The Jewish population of Judea and Samaria grew at a much faster rate than the overall Israeli population last year, a report finds.
By World Israel News Staff and Associated Press
The number of people living in Israeli towns in Judea and Samaria surged at a much faster rate than the overall Israeli population last year, said a group that that gathers precise Jewish population statistics for Judea and Samaria, predicting even more rapid growth thanks to the policies of the Trump administration.
Baruch Gordon, director of West Bank Jewish Population Stats, said the White House has created a much friendlier environment for the Jews living in Judea and Samaria, clearing the way for a surge in construction in the coming years.
“It’s just simply opened up. There’s no longer this cloud looming over it,” Gordon said.
Gordon’s project conducts an annual study of official population data obtained from Israel’s interior ministry. The report is sponsored by “Bet El Institutions,” a prominent settlement organization that has ties to some of U.S. President Donald Trump’s closest Mideast advisers.
The latest data shows the population in Jewish settlements of Judea and Samaria grew to 449,508 as of January 1, up 3.3 percent from 435,159 people a year earlier.
In comparison, Israel’s overall population grew 1.9 percent last year to 8.907 million people, according to Israel’s Central Bureau of Statistics.
The Interior Ministry was not immediately able to confirm the scores of figures, but said it had been in touch with Gordon’s group and the numbers appeared authentic.
The data showed robust growth in Judea and Samaria towns across the board, from large towns located near Israeli population centers to isolated communities deep inside Judea and Samaria.
Gordon cited several reasons for the rapid growth. An estimated two-thirds of the settlement population are religious Jews, who tend to have larger families. In addition, he said the cheap costs of housing have lured many young families that cannot afford homes in Israel proper.
But he also said the Trump administration’s attitude toward the settlements is also having an effect.
President Barack Obama, like a string of Republican and Democratic predecessors, opposed the settlements as obstacles to peace and put heavy pressure on Israel to halt construction.
Trump, in contrast, has done little to stop the construction. While urging restraint at times, the White House has otherwise remained quiet as Israel has pressed forward with numerous developments.
This, in effect, has given Israel a green light to lay the groundwork for a surge in construction that should materialize over the next year or two, Gordon said.
“Since the change of the U.S. administration, the atmosphere for construction permits has become much easier. They’re being given with greater ease,” he said.
“I think possibly the next report and certainly in the ones after that, I think we’ll start to see a huge surge in the numbers here,” he added.
The figures did not include data for the eastern part of Jerusalem, where well over 200,000 Israeli Jews now live.
The Palestinians claim both Judea, Samaria and the eastern section of Israel’s capital of Jerusalem, areas captured by Israel in the 1967 Six Day War, for a future independent state.
They say the settlements are illegally gobbling up their land and harming the chances of a two-state solution — a position shared by most of the international community.
Nabil Abu Rdeneh, spokesman for Palestinian Authority President Mahmoud Abbas, called the growth in the Jewish population in Judea and Samaria a “direct result” of U.S. policy.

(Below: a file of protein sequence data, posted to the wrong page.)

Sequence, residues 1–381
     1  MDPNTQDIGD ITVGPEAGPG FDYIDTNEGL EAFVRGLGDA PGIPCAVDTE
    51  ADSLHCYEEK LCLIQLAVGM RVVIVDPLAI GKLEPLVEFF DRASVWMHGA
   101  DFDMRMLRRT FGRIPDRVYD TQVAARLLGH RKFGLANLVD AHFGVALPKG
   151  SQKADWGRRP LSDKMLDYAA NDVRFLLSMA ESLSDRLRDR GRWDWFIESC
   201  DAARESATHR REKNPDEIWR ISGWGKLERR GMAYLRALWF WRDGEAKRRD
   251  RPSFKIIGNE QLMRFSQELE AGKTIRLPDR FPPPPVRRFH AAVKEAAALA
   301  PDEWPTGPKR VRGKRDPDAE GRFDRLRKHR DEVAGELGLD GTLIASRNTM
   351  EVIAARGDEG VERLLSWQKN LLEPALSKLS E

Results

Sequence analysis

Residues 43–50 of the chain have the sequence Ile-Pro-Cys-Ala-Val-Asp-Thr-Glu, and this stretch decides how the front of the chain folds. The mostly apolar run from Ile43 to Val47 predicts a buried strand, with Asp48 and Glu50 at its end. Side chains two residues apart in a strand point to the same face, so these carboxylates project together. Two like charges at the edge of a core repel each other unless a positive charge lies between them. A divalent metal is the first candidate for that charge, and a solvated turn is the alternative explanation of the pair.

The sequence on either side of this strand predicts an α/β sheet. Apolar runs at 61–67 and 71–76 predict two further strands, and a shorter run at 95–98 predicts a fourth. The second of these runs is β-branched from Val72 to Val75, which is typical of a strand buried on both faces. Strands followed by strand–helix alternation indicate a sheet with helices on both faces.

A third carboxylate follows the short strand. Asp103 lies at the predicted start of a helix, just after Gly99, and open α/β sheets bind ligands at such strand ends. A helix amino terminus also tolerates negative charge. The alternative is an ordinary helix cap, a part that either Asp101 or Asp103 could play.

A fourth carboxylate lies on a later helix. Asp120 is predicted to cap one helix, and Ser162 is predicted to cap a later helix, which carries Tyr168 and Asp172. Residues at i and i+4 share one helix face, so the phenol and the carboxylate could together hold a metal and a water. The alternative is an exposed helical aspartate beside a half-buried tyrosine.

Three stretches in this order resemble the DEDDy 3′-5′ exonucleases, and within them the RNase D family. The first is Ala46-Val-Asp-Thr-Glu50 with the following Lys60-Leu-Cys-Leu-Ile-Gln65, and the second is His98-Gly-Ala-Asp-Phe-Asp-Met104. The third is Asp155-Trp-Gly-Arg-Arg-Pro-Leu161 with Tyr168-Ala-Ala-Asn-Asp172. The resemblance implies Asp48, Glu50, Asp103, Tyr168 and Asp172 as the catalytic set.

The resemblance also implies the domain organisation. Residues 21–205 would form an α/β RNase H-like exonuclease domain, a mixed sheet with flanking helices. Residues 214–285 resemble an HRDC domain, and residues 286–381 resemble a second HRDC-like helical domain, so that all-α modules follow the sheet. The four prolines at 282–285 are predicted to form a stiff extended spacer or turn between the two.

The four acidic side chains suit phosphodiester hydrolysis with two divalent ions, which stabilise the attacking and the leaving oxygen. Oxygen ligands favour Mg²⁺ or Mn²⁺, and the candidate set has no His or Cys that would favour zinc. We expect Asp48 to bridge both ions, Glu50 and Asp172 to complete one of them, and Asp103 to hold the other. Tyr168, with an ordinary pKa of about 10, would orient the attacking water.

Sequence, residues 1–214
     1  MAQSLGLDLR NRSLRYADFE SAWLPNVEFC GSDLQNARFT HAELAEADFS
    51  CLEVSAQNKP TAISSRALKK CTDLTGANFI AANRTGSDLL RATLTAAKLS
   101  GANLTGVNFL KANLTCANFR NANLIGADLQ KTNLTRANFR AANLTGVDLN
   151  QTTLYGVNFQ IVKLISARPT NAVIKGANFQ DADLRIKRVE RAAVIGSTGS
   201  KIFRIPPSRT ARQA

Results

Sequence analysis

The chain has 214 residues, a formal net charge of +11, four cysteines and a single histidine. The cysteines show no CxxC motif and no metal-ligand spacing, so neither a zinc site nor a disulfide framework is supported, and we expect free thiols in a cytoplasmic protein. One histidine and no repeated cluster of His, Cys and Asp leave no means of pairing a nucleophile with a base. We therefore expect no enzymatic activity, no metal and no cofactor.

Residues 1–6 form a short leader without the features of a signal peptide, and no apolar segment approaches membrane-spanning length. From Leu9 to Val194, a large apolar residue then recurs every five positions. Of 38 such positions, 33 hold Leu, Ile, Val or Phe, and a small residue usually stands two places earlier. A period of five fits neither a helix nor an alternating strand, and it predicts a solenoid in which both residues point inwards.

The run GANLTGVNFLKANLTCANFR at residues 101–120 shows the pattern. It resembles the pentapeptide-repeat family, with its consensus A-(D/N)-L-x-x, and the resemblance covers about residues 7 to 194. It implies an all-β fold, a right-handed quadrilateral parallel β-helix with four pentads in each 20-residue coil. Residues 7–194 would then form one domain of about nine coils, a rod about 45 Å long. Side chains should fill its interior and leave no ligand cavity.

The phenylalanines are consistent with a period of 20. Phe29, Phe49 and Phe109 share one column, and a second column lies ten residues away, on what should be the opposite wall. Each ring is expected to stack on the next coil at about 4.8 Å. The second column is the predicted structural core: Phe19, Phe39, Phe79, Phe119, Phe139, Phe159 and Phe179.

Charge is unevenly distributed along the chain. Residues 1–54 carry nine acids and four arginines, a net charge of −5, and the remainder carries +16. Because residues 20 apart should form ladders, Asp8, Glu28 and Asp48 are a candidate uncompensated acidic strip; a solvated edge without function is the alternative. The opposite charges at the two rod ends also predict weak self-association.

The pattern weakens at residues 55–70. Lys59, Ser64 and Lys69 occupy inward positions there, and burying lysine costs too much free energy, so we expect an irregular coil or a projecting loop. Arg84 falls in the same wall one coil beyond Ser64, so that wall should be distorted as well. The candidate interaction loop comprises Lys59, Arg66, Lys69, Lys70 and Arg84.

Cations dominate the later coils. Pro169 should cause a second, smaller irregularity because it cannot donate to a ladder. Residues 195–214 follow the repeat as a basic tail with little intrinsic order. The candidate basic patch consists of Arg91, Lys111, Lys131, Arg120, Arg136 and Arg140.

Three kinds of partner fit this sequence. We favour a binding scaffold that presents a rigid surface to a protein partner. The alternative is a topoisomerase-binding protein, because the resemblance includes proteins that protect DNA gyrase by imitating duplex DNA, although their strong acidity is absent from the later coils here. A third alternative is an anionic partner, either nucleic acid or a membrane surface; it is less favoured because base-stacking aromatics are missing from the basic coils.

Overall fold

“The American support for settlements through silence is doomed to failure because there is no peace and stability without an agreement with the Palestinian people and its legitimate leadership,” he said.
A U.S. embassy official said Trump has made his position on Jewish towns and cities in Judea and Samaria “clear” and has received Israeli pledges to take his concerns into consideration.
“The administration is firmly committed to pursuing a comprehensive peace between Israelis and Palestinians,” the official said, speaking on condition of anonymity under diplomatic protocol.
The report echoed separate findings by Peace Now, an Israeli group opposed to Jewish growth in Judea and Samaria that said last month that Israel has pushed forward plans for thousands of new homes in those areas since Trump took office. It also predicted a huge increase in construction in the next few years.
Peace Now said the data in Tuesday’s report seemed “logical,” citing the government’s policy “to encourage construction and relocation to the West Bank.” It said the Trump effect “cannot be seen at this time” because of the lag time between approval of permits and actual construction.
Trump’s Mideast team has said it is close to releasing a long-awaited peace plan. The team is led by members with ties to the Jewish population centers in Judea and Samaria. His ambassador to Israel, David Friedman, is a former president of Bet El Institutions, the sponsor of Tuesday’s report.
His chief Mideast adviser, son-in-law Jared Kushner, has donated to the group, and even Trump once sent a donation. In another break from the international community, the team so far has not endorsed the idea of an independent Palestinian state.
The Palestinians have already preemptively rejected the peace plan, saying the White House is unfairly biased toward Israel.
Gordon, the population researcher, said the latest data should put an end to the international community’s longstanding support for a two-state solution.
“Those who continue to talk about a two-state solution, in my mind it’s just a sign that they’re removed from the reality and the facts on the ground,” he said.